It’s a situation rich in symbolism. In an afterword to this edition, Wright’s grandson Malcolm speculates that Wright was familiar with Plato’s parable of the cave and reversed it. In Plato’s view, human beings can perceive only a reflection of reality — the play of shadows on the walls of the cave they’re confined in. Those who somehow escape the cave will be dazzled and disoriented by the sunlit real world, yet if they have to return, they will function poorly in the darkness they used to accept as normal. People who never left the cave will consider them crazy and want to kill them.

In The Man Who Lived Underground, the bright outer world is one of injustice and lies, and only in the stinking darkness of the sewers can Daniels see the truth of things. He longs to communicate this truth, even to the cops who tormented him. And when he overhears the police at the scenes of his thefts interrogating innocent people, guilt returns; his dreamlike interval of freedom and agency has its price after all, and others are paying it. He has to climb out of his cave, even though he’s no longer suited for life on the surface — for family, job, church, rules-obeying, any of it.

Daniels spends three days underground, and the parallel with Christ’s three days in the tomb seems inescapable, despite Wright’s antipathy to religion. As with Plato’s parable, it’s a reversal, with the Crucifixion following rather than preceding the Resurrection.

Back at the police station, Daniels finds that the real murderers have been caught. “We don’t want you. You are free, free as air. Go home […] and forget about it,” one of the cops tells him. But how can he forget? He offers to take them down into the sewers and show them his loot, share his insights. They don’t care about any of that, but they come to worry that he won’t keep his mouth shut about the treatment he endured. Daniels isn’t just “psycho,” they decide; he’s dangerous and must be gotten rid of.

Wright got the idea for this story from a Depression-era police report out of Los Angeles, in which an unemployed man had lived underground and committed burglaries for more than a year. As for the meaning of the story, the Library of America volume includes “Memories of My Grandmother,” a long essay by Wright (similar to “How ‘Bigger’ Was Born,” the essay he wrote to accompany Native Son), in which he reveals the wide-ranging intellectual concerns behind the novel’s hard-boiled surface.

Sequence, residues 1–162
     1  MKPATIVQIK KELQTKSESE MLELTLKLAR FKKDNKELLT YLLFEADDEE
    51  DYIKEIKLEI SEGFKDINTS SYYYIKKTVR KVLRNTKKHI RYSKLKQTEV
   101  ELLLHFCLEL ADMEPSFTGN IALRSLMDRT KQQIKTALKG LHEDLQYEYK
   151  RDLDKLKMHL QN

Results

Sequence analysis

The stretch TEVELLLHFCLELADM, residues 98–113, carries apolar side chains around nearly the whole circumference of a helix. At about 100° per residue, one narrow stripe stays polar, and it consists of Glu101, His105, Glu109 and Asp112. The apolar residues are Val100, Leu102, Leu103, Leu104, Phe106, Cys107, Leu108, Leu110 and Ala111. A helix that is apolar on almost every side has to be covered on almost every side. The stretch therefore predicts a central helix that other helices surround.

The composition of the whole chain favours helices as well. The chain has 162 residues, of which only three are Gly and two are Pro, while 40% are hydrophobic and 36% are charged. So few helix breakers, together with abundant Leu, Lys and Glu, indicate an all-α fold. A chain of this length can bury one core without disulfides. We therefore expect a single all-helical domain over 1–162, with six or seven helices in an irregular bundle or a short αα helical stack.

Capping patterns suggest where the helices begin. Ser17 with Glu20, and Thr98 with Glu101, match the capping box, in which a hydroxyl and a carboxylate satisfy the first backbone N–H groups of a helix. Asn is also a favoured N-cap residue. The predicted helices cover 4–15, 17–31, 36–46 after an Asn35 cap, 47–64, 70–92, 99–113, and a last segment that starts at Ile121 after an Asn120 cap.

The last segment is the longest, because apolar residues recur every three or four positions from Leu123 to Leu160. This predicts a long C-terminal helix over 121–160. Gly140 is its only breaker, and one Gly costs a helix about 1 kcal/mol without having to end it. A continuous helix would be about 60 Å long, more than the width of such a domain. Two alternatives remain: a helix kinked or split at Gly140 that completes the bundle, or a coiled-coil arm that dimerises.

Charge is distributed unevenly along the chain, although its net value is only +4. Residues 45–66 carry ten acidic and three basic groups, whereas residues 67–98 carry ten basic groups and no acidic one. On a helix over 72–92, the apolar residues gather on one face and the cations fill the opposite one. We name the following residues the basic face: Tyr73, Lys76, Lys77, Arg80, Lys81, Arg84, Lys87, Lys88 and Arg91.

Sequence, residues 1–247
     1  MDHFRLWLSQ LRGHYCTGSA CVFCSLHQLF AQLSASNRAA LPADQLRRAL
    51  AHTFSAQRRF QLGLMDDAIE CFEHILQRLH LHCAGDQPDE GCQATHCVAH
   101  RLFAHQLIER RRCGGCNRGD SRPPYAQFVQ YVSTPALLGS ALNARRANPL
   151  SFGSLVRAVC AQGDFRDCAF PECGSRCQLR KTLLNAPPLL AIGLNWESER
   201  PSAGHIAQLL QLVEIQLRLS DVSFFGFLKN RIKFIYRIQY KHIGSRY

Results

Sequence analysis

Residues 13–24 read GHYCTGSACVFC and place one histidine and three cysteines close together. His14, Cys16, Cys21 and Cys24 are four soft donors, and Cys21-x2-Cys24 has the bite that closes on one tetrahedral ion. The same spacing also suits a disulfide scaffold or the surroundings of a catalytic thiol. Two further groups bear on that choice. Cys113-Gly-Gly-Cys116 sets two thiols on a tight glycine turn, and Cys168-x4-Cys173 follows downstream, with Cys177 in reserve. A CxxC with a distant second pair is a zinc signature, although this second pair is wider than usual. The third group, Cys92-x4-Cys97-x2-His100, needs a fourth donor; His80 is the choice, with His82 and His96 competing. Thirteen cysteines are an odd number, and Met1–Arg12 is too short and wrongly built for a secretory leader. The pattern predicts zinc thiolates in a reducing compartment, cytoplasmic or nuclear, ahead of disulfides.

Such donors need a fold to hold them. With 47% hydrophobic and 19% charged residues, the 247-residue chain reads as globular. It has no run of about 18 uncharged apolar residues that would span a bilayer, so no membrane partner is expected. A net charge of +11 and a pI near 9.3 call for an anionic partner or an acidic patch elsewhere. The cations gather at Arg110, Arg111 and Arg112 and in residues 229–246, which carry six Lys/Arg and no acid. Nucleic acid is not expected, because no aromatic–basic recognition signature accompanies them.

Surrealism in particular interested Wright. To him, it wasn’t an arty European thing but a way of understanding Black art and experience in the long shadows of slavery and Jim Crow. He compares jazz, with its strong beat and free improvisation, and blues lyrics, linked by feeling rather than narrative logic, to how his Southern grandmother, a religious fanatic, thought and acted in schizophrenic ways despite being essentially sane. She raised nine children and kept them alive and out of jail, a stupendous feat at that time and place,

without ever really understanding the world in which she lived. I’m quite certain that she did not know the relationship of one thing in her environment to another, that is, in an objective sense. The only relationships they had were wholly in terms of her attitude, an attitude borrowed from the pages of the Old Testament. She brought her meaning to the world, but the world never gave her any meanings that she could accept.

Daniels’s arrest shatters the meanings the world has given him, and when he believes he has found better meanings underground, he can’t articulate them and the world won’t listen.

For a novel that was all but buried for two generations, and never went through a publisher’s final edit, The Man Who Lived Underground lives on in more ways than one. Readers will recall the beginning and ending of Ralph Ellison’s classic 1952 novel Invisible Man, in which the narrator lives in a subterranean hideout lit by power stolen from the electric grid. Wright was a friend and mentor to Ellison; though they later had a falling-out, the influence is obvious. And as for the contemporary relevance of Wright’s vision — well, my copy of this book arrived in the mail on the day of ex-cop Derek Chauvin’s conviction for the murder of George Floyd, a coincidence worth noting only because too little has changed over the last 80 years.

¤

Michael Harris reviewed books for The Los Angeles Times for more than 20 years. His latest novel, White Poison: A Tale of the Gold Rush, is available on Amazon.